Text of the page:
Platelet-derived growth factor-BB (PDGF-BB) induces differentiation of bone marrow endothelial progenitor cell-derived cell line TR-BME2 into mural cells, and changes the phenotype

Takashi Miyata, Hisashi Iizasa, Yoshimichi Sai, Jo Fujii, Tetsuya Terasaki, Emi Nakashima

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Blood vessels are com posed of endothelial cells (EC) and mural cells, and the interaction between EC and mural cells is essential for the development and maintenance of the vasculature. EC differentiate from bone marrow-derived endothelial progenitor cells (EPC). Recently, we established a conditionally immortalized bone marrow EPC-derived cell line, TR-BME2, and a brain capillary EC (BCEC) line, TR-BBB, from temperature-sensitive-SV40 T-antigen gene transgenic rats. To understand the function of EPC, it is important to analyze the difference between EPC and mature EC such as BCEC. In this study, we identified EPC-specific genes by means of subtractive hybridization between TR-BME2 and TR-BBB. There was no significant difference between TR-BME2 and TR-BBB in the mRNA level of annexin II, which is expressed in EC. In contrast, the mRNA level of smooth muscle cell (SMC) markers such as smooth muscle protein 22 (SM22), calvasculin, and platelet-derived growth factor (PDGF) receptor-β, was higher in TR-BME2 than in TR-BBB. Moreover, the mRNA level of contractile SMC markers, such as smooth muscle α-actin and SM22, was increased in the absence of EC growth factors, such as vascular endothelial growth factor. The mRNA level of synthetic SMC markers, such as matrix Gla protein, was increased by the addition of PDGF-BB. The SMC derived from TR-BME2 showed an altered phenotype, from contractile-type to synthetic-type, when they were cultured in the absence of PDGF-BB. These results show that TR-BME2 cells have higher levels of SMC markers compared with mature EC, and can differentiate into contractile- or synthetic-type SMC.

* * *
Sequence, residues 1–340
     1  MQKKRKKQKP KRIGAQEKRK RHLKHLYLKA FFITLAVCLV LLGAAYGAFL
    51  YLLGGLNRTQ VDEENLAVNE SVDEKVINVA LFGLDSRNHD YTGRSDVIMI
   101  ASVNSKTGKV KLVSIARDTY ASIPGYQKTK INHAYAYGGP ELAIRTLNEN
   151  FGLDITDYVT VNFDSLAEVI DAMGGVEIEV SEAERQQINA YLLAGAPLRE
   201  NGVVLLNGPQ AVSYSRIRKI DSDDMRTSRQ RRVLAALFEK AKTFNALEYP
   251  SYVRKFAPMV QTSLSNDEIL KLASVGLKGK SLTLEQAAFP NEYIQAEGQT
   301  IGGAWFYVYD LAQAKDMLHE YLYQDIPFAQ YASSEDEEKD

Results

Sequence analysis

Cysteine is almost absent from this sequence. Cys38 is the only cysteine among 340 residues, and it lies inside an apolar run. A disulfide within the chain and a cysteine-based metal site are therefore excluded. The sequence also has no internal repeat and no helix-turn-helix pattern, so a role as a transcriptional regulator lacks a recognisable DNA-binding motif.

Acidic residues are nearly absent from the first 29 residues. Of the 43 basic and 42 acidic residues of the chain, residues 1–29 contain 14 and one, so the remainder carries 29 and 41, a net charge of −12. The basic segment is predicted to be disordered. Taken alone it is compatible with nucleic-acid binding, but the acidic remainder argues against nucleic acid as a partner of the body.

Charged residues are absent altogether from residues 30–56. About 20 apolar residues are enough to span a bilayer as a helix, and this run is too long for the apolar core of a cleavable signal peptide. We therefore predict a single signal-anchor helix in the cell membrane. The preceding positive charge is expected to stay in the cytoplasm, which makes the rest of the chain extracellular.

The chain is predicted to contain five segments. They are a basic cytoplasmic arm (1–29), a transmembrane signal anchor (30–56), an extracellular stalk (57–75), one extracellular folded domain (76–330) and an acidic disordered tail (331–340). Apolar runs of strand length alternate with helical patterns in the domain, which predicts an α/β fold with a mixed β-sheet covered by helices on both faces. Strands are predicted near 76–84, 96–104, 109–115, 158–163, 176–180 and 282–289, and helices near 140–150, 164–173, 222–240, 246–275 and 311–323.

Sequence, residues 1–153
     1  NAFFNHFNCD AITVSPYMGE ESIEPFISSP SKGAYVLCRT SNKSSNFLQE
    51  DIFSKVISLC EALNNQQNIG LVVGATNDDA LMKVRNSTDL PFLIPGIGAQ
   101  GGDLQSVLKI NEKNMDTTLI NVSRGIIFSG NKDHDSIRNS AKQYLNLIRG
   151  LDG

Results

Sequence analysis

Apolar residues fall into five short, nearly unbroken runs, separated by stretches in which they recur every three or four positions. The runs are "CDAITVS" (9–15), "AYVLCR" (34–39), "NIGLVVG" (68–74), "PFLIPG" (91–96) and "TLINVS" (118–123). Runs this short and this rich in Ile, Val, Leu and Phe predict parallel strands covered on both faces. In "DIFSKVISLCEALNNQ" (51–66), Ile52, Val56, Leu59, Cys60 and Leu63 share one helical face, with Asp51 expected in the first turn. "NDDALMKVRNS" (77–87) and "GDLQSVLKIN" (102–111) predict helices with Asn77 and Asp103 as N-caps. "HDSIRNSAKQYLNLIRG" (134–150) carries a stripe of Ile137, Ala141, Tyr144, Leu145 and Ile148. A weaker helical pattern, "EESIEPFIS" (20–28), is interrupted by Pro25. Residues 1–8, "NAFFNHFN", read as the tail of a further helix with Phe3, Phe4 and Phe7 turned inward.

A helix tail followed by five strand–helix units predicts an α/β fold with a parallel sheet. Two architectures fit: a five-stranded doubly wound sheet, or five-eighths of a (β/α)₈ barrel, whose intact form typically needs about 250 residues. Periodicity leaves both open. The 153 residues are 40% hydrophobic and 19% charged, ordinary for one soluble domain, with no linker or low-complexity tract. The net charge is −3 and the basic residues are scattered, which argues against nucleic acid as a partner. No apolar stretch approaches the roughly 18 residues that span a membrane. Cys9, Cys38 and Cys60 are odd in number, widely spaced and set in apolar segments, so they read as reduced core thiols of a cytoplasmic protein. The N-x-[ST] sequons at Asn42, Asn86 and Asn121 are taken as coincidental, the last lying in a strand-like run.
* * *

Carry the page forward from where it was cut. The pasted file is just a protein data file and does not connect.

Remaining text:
Original languageEnglish
Pages (from-to)948-955
Number of pages8
JournalJournal of Cellular Physiology
Issue number3
Publication statusPublished - 2005 Sep 1


ASJC Scopus subject areas

  • Physiology
  • Clinical Biochemistry
  • Cell Biology

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